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As I was watching Tyrant, fx’s new drama about the Americanized son of a Middle Eastern dictator returning to his homeland, I noticed something strange about the characters: I could understand them. That is, all the characters–American and native-born Arabs alike–spoke nothing but English.

A few years ago, this would have been unremarkable. Tyrant, though shot in Israel with many Middle Eastern actors, is made by a U.S. network for U.S. audiences, who once expected foreign characters visiting their screens to have the common decency to talk American like God intended.

That all began to change with Lost, with its flashbacks in subtitled Korean. And in the past few years, American TV has become positively Babelized: NBC’s new sitcom Welcome to Sweden has dialogue in Swedish, ABC Family’s Switched at Birth in American Sign Language, HBO’s Game of Thrones in invented languages Dothraki and Valyrian. This season, the protagonist of Louie pursued a woman who spoke only Hungarian, presented without subtitles so the audience shared his disorientation.

Most dramatically, FX’s The Bridge (beginning Season 2) has been telling a sprawling story of life and crime on the border of El Paso, Texas, and Juárez, Mexico, with huge chunks of each episode in subtitled Spanish. It’s a defining choice, the difference between having dual citizenship and being a tourist; it gives both sides of the border equal verbal standing and dignity.

In The Bridge, language defines the setting and expresses character. Mexican cop Marco Ruiz (Demian Bichir) is wily and assertive in dealing with corrupt officials in Juárez, wary and reserved with suspicious Anglos in Texas. The difference is embedded in his speech: he’s assured in Spanish, cautious in English. Co–executive producer and writer Elwood Reid says it allows dramatic possibilities an English-only script couldn’t. “If two people are speaking and there’s a gringo there and they switch over to Spanish, it creates this cool narrative tension,” Reid says. “You lean in to the screen: ‘What’s going on?'”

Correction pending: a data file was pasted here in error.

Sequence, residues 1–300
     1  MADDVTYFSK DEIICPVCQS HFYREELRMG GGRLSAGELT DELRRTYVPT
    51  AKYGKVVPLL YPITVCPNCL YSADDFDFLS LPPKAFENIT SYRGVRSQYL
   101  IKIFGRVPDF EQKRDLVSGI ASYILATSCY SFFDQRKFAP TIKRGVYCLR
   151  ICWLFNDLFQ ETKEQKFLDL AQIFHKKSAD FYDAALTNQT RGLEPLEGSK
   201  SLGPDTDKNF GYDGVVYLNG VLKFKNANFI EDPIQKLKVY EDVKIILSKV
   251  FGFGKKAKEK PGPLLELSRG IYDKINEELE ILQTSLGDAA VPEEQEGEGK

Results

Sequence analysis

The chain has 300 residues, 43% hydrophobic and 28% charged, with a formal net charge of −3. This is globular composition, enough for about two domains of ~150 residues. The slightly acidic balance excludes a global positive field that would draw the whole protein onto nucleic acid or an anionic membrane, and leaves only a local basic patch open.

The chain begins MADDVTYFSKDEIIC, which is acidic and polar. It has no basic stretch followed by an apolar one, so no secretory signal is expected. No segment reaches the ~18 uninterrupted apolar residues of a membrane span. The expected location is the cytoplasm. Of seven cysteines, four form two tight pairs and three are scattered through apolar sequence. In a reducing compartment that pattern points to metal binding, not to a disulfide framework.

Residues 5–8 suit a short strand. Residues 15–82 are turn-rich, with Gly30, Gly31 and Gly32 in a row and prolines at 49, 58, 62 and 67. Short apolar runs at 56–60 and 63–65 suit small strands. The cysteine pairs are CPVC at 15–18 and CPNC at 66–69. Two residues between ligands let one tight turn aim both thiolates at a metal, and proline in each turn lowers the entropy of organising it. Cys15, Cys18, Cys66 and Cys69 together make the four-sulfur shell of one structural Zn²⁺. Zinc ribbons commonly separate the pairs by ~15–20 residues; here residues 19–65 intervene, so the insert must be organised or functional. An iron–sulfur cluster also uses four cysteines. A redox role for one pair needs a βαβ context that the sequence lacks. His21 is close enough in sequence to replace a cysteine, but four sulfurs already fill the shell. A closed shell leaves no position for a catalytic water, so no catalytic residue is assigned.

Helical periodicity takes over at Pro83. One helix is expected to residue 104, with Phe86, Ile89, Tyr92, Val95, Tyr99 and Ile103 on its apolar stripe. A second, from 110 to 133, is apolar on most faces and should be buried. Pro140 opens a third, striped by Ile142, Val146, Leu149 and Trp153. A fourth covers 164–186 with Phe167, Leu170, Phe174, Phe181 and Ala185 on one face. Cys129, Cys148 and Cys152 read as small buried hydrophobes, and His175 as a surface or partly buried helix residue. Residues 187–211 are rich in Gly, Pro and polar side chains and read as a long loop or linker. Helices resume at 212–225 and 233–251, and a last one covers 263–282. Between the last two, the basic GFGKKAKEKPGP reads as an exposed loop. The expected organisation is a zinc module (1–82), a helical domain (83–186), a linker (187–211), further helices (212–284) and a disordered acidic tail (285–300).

FX’s Cold War drama The Americans, about a Russian husband and wife posing as suburban Yankees in the 1980s, uses bilingualism to create a world within a world. Its Russian-language scenes set in the Soviet embassy convey the sense of walking into another nation within our own. The dialogue develops the cultural specificity of the Soviet characters, giving music and lyrics to their Russian sadness and history. Speaking their own language, our enemies become fully realized people; without it, they’d be so many Borises and Natashas. (Contrast that with Tyrant, whose Arab characters’ thickly accented English makes them appear “foreign” even on their own turf.)

The Berlitzification of TV is partly a sign of the medium’s elevated ambitions. Before the HBO era, no show would presume that kind of art-house-level attention from viewers. But it also reflects how the TV business and audience have grown more multicultural. Imported shows are now easily accessible, like the eerie French drama The Returned and the Danish politics series Borgen. And for a diverse young demographic raised on Dora the Explorer, the teen-oriented CW will air this fall Jane the Virgin, a dramedy based on a Venezuelan telenovela, that mixes subtitled Spanish with English.

Maybe the most striking effect of subtitles, though, is simply that they require undivided focus, a precious thing in this multitasking era. TV shows today don’t just compete with each other; they also compete with the iPad on your lap, the social media on your smartphone, the laundry you’re folding with the tube on–distractions that threaten to turn TV into radio, one more data input to skim for the gist.

Subtitles in a series represent a kind of slow-food-movement approach to TV; they demand your time, and in return they offer total absorption. It’s more work, but it offers the kind of thing we ask of the best stories: immersion in another world. If you want that, you need to listen. And sometimes, if you really want to listen, you also need to watch.

This appears in the July 21, 2014 issue of TIME.

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